They were also the first to manage a successful way to record time. As the invented the sundial and water clock, both of which gave them exact or close to exact time measurements. Naturally, they invented mummification as well. Obviously, there are several legendary Kings, Queens, and Pharaohs who led Egypt. It would last from the 3100 BC period until its official fall when Alexander The Great would conquer the land to put it under Greek rule in 332 BC. They would span 30 centuries until then. However, things would become amazing in Egypt after Alex's passing as Egypt would come back. But the Ancient period would be gone.

2 Hellenistic Period: Alexandria, Egypt

The Lighthouse of Alexandria is one of the seven wonders currently in the world and was a beacon of light to incoming ships for centuries. Btw, they were the first to truly even consider such a light. The city became a hub for learning and discovery in its time and a home for religions of all types. It was a leader with the Jewish and later Christian faith, which was a major decision made by Alex. They revolutionized mathematics, force pump, early vending machine, etc. Most of this was the result of Hero, of Alexandria. They led the world in things like early social sciences, and science of all types. This included things like anatomy and physiology. They were also revolutionaries in the arts, such as music, theater, and more. Even in sports and competition, they led. They too had a Gladiator arena, and of course the legendary Hippodrome.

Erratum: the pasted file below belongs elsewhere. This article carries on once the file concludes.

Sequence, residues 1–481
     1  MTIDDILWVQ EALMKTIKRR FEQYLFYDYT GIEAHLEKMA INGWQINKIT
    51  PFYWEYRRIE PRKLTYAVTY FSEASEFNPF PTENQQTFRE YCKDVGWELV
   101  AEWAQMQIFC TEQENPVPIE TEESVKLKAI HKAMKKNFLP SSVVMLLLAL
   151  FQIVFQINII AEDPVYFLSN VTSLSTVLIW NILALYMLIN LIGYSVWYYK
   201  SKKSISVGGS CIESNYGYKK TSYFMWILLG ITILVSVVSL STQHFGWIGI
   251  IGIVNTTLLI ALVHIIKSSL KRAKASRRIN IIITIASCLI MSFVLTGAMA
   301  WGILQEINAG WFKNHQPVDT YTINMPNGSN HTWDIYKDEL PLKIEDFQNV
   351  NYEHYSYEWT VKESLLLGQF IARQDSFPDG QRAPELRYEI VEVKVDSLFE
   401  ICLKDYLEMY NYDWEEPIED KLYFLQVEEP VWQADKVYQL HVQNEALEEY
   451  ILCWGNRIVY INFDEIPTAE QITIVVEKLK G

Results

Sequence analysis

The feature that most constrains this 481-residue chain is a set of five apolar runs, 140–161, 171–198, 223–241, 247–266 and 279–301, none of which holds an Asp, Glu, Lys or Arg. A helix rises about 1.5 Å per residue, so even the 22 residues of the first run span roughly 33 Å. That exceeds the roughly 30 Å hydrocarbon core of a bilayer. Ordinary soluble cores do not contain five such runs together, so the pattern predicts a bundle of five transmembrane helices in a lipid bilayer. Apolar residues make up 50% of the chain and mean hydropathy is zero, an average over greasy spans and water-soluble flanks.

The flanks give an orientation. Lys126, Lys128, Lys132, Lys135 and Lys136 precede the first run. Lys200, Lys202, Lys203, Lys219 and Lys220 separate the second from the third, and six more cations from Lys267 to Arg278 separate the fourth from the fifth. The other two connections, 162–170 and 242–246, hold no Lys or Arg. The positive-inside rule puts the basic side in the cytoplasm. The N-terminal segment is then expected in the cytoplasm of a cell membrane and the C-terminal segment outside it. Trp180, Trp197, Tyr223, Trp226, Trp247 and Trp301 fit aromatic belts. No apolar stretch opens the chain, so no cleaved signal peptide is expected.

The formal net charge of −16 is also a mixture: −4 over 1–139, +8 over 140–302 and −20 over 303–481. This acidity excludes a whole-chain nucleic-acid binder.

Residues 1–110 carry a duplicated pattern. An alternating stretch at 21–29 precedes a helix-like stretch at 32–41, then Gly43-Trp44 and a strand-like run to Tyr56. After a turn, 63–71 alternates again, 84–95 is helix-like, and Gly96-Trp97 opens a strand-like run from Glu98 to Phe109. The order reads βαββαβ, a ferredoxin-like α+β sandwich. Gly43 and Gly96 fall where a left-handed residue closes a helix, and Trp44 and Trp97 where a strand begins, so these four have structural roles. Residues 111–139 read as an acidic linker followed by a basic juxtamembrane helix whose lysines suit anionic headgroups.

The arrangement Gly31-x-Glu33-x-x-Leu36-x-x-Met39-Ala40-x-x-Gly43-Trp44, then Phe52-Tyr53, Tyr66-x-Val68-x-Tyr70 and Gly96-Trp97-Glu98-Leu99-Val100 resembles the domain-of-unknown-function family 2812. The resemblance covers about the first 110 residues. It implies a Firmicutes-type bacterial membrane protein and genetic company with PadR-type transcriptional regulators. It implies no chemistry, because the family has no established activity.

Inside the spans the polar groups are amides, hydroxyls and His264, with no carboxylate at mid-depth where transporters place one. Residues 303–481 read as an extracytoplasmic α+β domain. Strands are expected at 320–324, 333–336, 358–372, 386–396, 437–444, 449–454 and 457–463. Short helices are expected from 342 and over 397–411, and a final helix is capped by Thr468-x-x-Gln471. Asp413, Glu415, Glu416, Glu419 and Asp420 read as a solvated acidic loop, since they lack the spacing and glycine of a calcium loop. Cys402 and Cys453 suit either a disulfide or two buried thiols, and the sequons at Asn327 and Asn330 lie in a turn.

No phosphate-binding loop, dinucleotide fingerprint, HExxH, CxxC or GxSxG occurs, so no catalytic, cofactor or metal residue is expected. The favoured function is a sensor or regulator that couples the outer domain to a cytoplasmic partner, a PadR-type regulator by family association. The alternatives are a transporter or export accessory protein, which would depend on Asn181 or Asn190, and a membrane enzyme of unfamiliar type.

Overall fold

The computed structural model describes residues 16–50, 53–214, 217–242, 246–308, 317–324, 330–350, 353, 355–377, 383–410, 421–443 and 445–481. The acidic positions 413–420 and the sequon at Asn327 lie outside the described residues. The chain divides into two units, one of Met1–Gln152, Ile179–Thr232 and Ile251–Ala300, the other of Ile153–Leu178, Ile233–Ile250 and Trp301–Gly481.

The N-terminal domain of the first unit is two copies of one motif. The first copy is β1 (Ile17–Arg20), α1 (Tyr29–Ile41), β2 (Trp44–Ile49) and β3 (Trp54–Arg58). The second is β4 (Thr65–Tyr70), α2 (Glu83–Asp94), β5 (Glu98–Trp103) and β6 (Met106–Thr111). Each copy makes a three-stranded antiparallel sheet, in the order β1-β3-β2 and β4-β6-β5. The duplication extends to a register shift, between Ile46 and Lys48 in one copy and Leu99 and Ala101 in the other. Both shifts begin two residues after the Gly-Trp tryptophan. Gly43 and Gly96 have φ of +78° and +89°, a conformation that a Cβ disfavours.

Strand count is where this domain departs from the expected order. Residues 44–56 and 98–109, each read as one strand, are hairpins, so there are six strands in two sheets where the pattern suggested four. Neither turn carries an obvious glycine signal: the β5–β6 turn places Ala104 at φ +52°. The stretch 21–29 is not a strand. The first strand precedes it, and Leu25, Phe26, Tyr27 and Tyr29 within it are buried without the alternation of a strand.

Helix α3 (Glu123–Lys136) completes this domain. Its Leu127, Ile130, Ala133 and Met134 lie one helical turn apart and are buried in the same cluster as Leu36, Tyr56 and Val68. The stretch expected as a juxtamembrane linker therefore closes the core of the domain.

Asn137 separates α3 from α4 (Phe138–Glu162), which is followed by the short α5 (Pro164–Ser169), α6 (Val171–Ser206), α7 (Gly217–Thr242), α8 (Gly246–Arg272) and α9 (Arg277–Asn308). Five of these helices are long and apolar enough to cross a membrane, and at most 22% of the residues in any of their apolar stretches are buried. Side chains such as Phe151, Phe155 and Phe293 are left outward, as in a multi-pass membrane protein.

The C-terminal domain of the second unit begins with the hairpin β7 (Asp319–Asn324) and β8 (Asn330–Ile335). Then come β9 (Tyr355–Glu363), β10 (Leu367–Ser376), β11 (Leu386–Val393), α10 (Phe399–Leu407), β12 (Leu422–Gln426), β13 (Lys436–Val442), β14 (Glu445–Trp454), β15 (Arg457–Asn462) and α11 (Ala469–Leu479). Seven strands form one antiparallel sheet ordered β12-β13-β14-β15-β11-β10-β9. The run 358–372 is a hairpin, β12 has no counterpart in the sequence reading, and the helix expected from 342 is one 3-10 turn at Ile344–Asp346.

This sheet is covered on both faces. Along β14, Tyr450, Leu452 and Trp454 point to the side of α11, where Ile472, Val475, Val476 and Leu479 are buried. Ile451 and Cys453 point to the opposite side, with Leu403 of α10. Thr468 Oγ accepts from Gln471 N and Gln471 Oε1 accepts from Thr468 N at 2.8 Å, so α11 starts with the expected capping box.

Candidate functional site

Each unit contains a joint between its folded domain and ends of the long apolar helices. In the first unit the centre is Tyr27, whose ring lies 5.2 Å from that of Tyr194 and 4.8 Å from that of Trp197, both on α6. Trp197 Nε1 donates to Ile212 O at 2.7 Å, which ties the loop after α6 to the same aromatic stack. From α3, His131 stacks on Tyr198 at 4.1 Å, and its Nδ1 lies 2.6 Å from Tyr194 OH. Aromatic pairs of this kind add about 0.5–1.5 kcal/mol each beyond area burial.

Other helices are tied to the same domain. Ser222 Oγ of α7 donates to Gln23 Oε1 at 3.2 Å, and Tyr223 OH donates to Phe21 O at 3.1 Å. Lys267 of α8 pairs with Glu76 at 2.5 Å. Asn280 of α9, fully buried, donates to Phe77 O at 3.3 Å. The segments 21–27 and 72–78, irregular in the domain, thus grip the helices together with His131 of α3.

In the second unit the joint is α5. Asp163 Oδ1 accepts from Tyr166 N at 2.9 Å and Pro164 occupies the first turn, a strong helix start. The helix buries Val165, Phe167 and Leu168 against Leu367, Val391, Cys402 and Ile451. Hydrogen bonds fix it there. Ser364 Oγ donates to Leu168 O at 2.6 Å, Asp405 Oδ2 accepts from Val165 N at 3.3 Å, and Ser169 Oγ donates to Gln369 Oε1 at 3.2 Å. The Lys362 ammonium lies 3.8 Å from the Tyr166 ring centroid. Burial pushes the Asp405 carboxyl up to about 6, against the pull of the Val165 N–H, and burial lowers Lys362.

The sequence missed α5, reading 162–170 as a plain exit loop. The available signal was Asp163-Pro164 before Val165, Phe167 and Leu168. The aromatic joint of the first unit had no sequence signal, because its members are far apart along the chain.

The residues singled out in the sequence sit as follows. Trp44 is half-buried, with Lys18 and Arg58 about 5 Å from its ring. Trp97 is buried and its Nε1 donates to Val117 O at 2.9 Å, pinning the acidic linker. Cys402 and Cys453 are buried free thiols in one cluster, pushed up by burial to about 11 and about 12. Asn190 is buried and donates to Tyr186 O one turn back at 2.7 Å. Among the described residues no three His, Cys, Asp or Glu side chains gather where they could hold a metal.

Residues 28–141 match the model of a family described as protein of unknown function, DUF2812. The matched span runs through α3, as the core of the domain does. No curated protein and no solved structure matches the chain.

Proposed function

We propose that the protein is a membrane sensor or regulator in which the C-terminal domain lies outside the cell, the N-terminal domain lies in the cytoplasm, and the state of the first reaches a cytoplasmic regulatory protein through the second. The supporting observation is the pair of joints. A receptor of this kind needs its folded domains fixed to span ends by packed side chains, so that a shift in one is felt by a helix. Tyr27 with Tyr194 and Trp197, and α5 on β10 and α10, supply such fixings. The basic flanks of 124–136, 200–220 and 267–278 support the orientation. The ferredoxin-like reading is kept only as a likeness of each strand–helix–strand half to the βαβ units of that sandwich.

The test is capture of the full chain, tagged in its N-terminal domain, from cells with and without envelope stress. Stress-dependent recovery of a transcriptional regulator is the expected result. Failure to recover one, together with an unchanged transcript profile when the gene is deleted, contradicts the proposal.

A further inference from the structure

The city and kingdom overall became a place for Greek and Egyptian opportunity, with the combination that allowed both to flourish. This is why other major monarchs would work alongside the other until the fall of the dynasty, officially with Cleopatra and Julius Ceasar. Upon Augustus becoming Emperor, the start of the Roman Empire began.

1 Pre-332 BC: The Lost City Of Atlantis

[Image by YouTube]

Plato described the city as a lovely one that was relatively utopic and almost idolized by the rest of the world. Though, it had some rivals. Professor of Archeology Ken Feder wrote a book called Encylopedia of Dubious Archeology where he wrote on Plato's story of Atlantis and his description of it. He claimed: "Atlantis is not the perfect society ... Quite the contrary, Atlantis is the embodiment of a materially wealthy, technologically advanced, and militarily powerful nation that has become corrupted by its wealth, sophistication, and might."

Many think that Plato made up Atlantis and used this name instead of their rival Athens. Others think that Plato was telling of a real city, lost to the world after the Greeks wiped them out or the ocean took them. Interestingly, Plato refused to ever claim it was another city. If it was not really Atlantis, it was another city he wrote on that he could know about. Plato described it as a technologically advanced society, full of happiness. Science and the arts grew here and the economy flourished. Interestingly, Athens saw some of this...but not regarding a lot of the science Plato described. None would come close for hundreds of years later on that.